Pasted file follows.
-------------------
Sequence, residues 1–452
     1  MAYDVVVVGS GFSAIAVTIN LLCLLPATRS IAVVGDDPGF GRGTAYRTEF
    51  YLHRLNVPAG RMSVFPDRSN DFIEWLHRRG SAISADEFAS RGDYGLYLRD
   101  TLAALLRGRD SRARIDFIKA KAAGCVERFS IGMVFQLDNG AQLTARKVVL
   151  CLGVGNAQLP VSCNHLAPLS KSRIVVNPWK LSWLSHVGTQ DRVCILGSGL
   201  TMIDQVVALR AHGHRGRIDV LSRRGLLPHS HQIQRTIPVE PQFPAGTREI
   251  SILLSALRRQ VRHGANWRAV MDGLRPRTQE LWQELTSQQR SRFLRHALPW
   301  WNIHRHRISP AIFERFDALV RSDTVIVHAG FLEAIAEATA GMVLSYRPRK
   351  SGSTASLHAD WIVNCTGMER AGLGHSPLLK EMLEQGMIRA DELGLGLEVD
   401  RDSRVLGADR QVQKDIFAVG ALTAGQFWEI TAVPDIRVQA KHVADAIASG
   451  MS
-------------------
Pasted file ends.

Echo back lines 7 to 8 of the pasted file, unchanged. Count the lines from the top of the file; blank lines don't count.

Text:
   251  SILLSALRRQ VRHGANWRAV MDGLRPRTQE LWQELTSQQR SRFLRHALPW
   301  WNIHRHRISP AIFERFDALV RSDTVIVHAG FLEAIAEATA GMVLSYRPRK